Figure 2. Evaluation of machine learning model performance in the training, validation, and test sets. (A) Comparison of the area under the receiver operating curve of different models in the training set. (B) Comparison of the area under the receiver operating curve of different models in the validation set. (C) Comparison of the area under the receiver operating curve of different models in the test set. (D) The receiver operating curve of logistics regression. (E) Box plot of model area under the receiver operating curves in each loop. *Tukey honestly significant difference (HSD) test p < 0.05 between the models; ***Tukey HSD test p < 0.005 between the models; nsTukey HSD test p > 0.05 between the models. (F) Kaplan–Meier curves of in-stent stenosis rates for high-risk patients (predicted value > optimal threshold) and low-risk patients (predicted value < optimal threshold). ENT, elastic net; SVM, support vector machine; XGB, Xgboost; GNB, Gaussian Naïve Bayes; RF, random forest; LR, logistics regression.


Table 1. Confusion matrix of models in the test set.

To exclude the influence of randomness in the process of assigning patients to the training and test sets, we applied Monte Carlo cross-validation and recorded the AUC-ROC, best Youden index, thresholds at best Youden index, and corresponding sensitivity and specificity in each loop. The ENT model remained the optimal model (0.709; 95% CI, 0.697–0.721) with a mean sensitivity of 77.9% (95% CI, 75.1%−80.6%) and specificity of 63.4% (95% CI, 60.8%−65.9%), followed by the RF model (0.687; 95% CI, 0.674–0.700), XGB model (0.680; 95% CI, 0.668–0.693), GNB model (0.675; 95% CI, 0.661–0.689), and SVM model (0.670; 95% CI, 0.657–0.683; Table 2). One-way analysis of variance and Tukey HSD multiple comparison showed that the ENT model's mean AUC-ROC significantly outperformed the SVM model, XGB model, and GNB model (p = 0.001, p = 0.018, p = 0.003, respectively); however, the mean AUC-ROC did not significantly differ between the ENT and RF models (p = 0.131; Figure 2E).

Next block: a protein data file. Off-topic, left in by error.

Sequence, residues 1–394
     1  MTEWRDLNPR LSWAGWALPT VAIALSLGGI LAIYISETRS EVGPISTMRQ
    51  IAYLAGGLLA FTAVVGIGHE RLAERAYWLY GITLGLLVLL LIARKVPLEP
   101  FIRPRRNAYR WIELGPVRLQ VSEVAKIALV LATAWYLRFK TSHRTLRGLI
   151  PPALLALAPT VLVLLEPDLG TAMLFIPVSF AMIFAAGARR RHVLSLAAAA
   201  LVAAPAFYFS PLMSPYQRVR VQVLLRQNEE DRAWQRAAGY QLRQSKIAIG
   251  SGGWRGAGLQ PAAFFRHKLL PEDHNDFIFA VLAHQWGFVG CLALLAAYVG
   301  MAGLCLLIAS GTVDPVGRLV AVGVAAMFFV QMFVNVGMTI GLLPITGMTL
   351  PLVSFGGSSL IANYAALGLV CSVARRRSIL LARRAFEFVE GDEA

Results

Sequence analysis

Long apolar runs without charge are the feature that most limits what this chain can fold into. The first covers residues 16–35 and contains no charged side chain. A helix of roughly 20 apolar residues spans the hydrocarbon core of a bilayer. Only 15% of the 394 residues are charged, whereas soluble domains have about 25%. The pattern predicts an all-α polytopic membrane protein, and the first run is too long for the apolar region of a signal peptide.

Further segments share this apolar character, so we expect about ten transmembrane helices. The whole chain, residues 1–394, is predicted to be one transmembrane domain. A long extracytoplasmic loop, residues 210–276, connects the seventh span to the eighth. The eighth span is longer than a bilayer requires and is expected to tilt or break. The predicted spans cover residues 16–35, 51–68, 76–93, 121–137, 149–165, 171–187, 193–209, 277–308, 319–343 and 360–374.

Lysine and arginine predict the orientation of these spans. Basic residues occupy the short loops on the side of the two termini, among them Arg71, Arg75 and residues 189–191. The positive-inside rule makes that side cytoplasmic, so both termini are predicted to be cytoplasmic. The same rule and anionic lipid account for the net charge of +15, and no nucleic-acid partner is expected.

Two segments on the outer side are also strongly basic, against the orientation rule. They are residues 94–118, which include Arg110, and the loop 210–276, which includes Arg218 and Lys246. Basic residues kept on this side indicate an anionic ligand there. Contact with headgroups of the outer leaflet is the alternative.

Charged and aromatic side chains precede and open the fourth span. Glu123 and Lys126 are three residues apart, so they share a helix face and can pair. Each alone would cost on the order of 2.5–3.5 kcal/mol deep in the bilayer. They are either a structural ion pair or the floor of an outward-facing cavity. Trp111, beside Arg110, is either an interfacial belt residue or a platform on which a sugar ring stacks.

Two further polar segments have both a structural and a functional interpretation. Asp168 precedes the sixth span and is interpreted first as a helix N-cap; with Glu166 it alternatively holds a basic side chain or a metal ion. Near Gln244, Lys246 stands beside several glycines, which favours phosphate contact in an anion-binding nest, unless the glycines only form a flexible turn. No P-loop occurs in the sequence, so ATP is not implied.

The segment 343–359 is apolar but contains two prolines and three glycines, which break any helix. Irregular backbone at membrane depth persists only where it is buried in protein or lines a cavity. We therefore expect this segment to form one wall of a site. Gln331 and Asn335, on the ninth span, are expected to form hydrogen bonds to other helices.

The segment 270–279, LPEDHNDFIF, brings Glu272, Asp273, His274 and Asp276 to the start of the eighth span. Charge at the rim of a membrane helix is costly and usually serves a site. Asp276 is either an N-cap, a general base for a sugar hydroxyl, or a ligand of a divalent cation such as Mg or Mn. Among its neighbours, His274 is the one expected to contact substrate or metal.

Table 2. Comparison of model performance in the training, validation, and test sets.

Model explanation

Spearman correlation testing showed a significant positive correlation between the predicted scores and degree of stenosis (r = 0.418, p < 0.001). The ENT model was applied to all patients to obtain predicted scores. All patients were grouped according to risk (low-risk and high-risk groups) according to the optimal threshold determined in Monte Carlo cross-validation of Cox regression analysis. Cox regression showed that ISS risk was significantly higher in the high-risk group than the low-risk group (hazard ratio 3.41; 95% CI, 2.03–5.73, p < 0.001; Figure 2F).

Next, we used SHAP analysis to interpret the ENT model. Figure 3A shows the importance of the different variables. ICA location had the greatest influence on the model, followed by balloon angioplasty, neck ratio, obesity, RDW-CV, and age. Figure 3B shows the influence of feature values on model prediction. The X-axis represents the influence on the model (SHAP value), the right of the X-axis represents the positive influence, and the left of the X-axis represents the negative influence. The color of the point represents the value of the feature: red represents high feature value and blue represents low feature value. Therefore, balloon angioplasty and increasing neck ratio are risk factors for ISS, while ICA location, obesity, increasing RDW-CV, and increasing age are protective factors. Figure 3C shows the interpretation of SHAP analysis for two individual patients. Case 1 is a patient without ISS in whom the model correctly predicted no stenosis. The influence of various factors on model prediction is shown in the figure. Case 2 is a patient with ISS in whom the model correctly predicted stenosis.


Figure 3. Shapley additive explanation (SHAP) analysis of the elastic net (ENT) model. (A) Association between the SHAP value and feature value. (B) Feature importance (mean |SHAP value|) of each predictor. (C) Two ENT model prediction examples. ICA, internal carotid artery; NR, neck ratio; RDWCV, coefficient of variation of red cell volume distribution width.